Arizona’s Republican Governor Doug Ducey, in cooperation with the state’s Republican-controlled legislature, allocated $5 million in the state’s FY 2017 budget for three “freedom schools” at Arizona State University and the University of Arizona. The money will go to the U of A’s Center for the Philosophy of Freedom, ASU’s Center for Political Thought and Leadership, and ASU’s Center for the Study of Economic Liberty. These three schools were established with seed money from the Charles Koch Foundation, an organization that promotes a radical libertarian ideology. The billionaire Koch brothers provided millions in “dark money” support for Ducey’s 2014 election campaign.
According to the Center for Budget and Policy Priorities, no other state has cut university funding more than Arizona since the Great Recession. Last year, for example, Ducey and the Legislature reduced state university funding by $99 million. This year’s budget restores just $32 million, but $5 million of it is earmarked for the so-called freedom schools – or about 15% of the increased funding.
Ducey’s spokesperson Daniel Scarpinato defended the earmark by saying the governor “believes it’s important that students in our university system are exposed to a broad range of viewpoints and academic views on a number of issues, including economics.”
Several Republican legislators also voiced their support. Representative Jay Lawrence, R-Scottsdale, a former conservative radio talk show host, said the money represents “a wonderful opportunity” to fund conservative viewpoints, which he claims are lacking at the state’s universities.
But Arizona Republicans weren’t concerned about encouraging different viewpoints when the they passed HB 2281 in 2010. That law was used to stop Mexican-American studies classes from being taught in Tucson’s public schools. John Huppenthal, Arizona’s school superintendent at the time, helped get it passed because he claimed the classes taught Mexican-American students to resent Anglos.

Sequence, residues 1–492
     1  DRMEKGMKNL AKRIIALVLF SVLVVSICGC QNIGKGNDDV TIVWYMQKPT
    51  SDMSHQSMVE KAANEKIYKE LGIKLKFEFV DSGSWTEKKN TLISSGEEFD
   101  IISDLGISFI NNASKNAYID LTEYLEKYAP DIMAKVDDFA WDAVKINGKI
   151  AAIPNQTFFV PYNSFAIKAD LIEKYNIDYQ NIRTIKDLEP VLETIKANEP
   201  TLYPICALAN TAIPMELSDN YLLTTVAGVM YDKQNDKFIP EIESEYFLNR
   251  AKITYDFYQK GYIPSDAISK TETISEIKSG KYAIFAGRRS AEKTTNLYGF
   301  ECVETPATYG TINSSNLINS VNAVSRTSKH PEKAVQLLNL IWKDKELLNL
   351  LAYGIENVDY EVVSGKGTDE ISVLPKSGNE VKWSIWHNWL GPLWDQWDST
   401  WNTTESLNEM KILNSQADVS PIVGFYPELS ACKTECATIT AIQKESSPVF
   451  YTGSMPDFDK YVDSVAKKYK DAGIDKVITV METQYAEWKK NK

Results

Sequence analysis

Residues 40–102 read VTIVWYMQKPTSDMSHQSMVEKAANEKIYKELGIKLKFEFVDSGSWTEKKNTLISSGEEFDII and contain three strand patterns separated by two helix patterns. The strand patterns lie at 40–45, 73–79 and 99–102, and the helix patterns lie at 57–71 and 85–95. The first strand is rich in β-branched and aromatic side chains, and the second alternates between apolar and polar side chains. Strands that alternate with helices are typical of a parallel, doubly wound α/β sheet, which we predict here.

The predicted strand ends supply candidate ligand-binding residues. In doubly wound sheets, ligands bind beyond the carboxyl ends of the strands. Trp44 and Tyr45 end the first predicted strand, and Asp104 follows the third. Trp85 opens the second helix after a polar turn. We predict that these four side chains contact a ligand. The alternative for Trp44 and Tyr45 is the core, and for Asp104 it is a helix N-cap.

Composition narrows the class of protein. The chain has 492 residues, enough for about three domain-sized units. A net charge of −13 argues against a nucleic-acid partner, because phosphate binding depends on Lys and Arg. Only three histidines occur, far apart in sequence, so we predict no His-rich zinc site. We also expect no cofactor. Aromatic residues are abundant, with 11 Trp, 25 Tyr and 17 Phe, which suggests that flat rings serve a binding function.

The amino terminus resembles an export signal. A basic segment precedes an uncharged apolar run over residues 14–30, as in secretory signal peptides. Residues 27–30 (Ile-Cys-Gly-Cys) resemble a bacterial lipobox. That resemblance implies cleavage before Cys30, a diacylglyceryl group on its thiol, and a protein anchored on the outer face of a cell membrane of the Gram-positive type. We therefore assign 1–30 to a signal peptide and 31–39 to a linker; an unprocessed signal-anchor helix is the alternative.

If Republicans are so concerned about the quality of the information that’s being given to the state’s students, then why aren’t they concerned about what’s being taught at the freedom schools? Dr. William Boyes, for instance, the founding director of ASU’s Center for the Study of Economic Liberty, is advocating for the elimination of public schools. He gave a speech last fall in support of the School Sucks Project in which he rejected the belief held by most Americans that public schools are a foundation of our democracy. He called for the end of public schools, saying they are our biggest obstacle to greater personal and political liberty.
Furthermore, Dr. Boyes in an advocate of the Austrian School of economic thought, which is promoted by the Mises Institute. Austrian School economic theory advocates the concept of methodological individualism – that social phenomena result from the motivations and actions of individuals. It rejects the use of econometrics and macroeconomic analysis. Instead, it calls for the government to be dismembered so the free market can magically solve all problems.
If this doesn’t seem to make sense, that’s because it doesn’t. There aren’t any reputable economists that believe in it. But, not coincidentally, Austrian School economic theory can be used to justify a radical libertarian political ideology.
The FY 2018 state budget passed by Arizona Republicans gave another $2 million to the state’s “freedom schools” at the U of A and ASU. This was in addition to their ongoing $5 million annual appropriation. Republican Rep. Anthony Kern, who pushed for the funding, claimed the schools are needed to counteract the widespread “liberal indoctrination” that’s going on at the state’s universities.
The FY 2019 state budget passed by Arizona Republicans included another $2.5 million for the state’s “freedom schools.” This was in addition to the ongoing $5 million annual appropriation. Republican Sen. John Kavanagh said the money was needed to help balance “left-wing bias” at the state’s universities. The U of A and ASU will each receive $1 million more, and Northern Arizona University will get $500,000 to establish a new school there.
Total Appropriations to AZ Freedom Schools: $19.5 million